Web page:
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Two seven-year-olds, one black, one white, who discover the desperate secrets of their parents, form an unbreakable bond. To stay together, one stands up and takes rocks that are being thrown at the other; one steals a horse and rides one hundred miles to be with her friend; one kills to understand why the father of her friend killed her father and grandfather (Oh yes, the old Mau Mau Rebellion!) Fathers are the metaphor and fathers are the catalyst for a wild tale in a wild country.


The year is 1993. Dak is still wanted for the killing of David Sommers. He has been hiding in Arusha at the center for handicapped artists called Shanga. Back in Dar es Salaam, his estranged girlfriend, the black Reena, is raising his now seven-year-old daughter, Safina, whom he knows nothing about. Reena, in the opening, sees Dak’s son, Kiiku, hiding among some broken-down buildings by the street market and becomes alarmed. She has tried to make a life without Dakimu and has not told Safina much about her father.

Soon after acknowledging Kiiku in the marketplace, Reena admits to him that Safina is his half sister. The girl is a bright, curious, generous child who befriends a lonely white girl, Suzanna Farley, at a British military post where she’s been invited by the white girl’s father to visit the horses. Suzanna has a terrible birthmark on her right cheek and should be starting the second grade but has never been to school. Her mother, Felicia, is petrified of black people, but Suzanna is quite infatuated with Safina and longs to be the black girl’s friend. Neither child really knows her own father, and that’s where the theme of absent, secretive, damaging, denying, and yet sometimes remorseful and reconciling fathers begins.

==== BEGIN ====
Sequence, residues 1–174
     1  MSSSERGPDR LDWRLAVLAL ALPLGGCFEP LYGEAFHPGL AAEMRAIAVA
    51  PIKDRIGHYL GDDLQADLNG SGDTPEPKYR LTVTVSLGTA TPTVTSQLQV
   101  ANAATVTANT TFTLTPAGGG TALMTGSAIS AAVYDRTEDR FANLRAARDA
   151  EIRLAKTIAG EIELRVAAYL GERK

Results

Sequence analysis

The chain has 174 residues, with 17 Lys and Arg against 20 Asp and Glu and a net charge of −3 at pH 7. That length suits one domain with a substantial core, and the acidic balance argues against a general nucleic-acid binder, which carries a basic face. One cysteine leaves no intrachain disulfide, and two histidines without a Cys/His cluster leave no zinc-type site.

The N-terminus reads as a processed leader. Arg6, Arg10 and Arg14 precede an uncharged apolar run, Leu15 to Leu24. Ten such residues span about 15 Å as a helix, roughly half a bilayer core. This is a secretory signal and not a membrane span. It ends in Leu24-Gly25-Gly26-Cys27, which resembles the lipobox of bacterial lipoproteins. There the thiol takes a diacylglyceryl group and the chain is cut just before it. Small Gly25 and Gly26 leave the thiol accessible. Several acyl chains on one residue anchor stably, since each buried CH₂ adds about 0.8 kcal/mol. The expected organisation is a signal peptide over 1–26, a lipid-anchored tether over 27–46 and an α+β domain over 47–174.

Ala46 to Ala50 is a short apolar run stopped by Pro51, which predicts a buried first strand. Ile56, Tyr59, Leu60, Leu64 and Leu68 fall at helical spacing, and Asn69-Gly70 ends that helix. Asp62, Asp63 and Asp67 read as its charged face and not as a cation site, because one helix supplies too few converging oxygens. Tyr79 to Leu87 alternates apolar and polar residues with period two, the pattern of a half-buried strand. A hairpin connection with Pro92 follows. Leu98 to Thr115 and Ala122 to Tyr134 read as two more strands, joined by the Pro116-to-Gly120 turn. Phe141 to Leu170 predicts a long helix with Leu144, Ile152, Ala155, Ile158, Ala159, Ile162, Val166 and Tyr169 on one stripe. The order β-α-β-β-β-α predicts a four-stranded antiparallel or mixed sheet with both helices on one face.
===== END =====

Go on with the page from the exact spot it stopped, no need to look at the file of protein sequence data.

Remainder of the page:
Suzanna’s biological father is DAVID SOMMERS, one of the white men Safina’s father, Dakimu, killed in self-defense in 1985! The girls only learn this after years of cherished friendship and attempts to keep their heads above the dark waters stirred up by the adults in their lives.

Kiiku has had a few good years with his father on the run but has veered away from Dak’s remorseful ways, joining a militant group called the Chui Clan.

Safina determines to find her father herself if no one will tell her where he is.

Suzanna’s stepfather is the British major, Fulsom Farley, who married Suzanna’s mother, Felicia, when she was pregnant with the girl and who has been chasing the fugitive Dakimu for years.

Father Amani knows everyone’s secrets but cannot reveal them.

In this novel, the power of Safina’s and Suzanna’s friendship rises above the secrets and brings the adults closer to their own resolutions.

A wild leopard, a metaphor of hope and trust (and whatever the reader wants to make it), appears to Dakimu and will guard him and the people he loves through this and the next novel, Thirst. Enjoy the photos. He is very real, at home with humans and uncaged.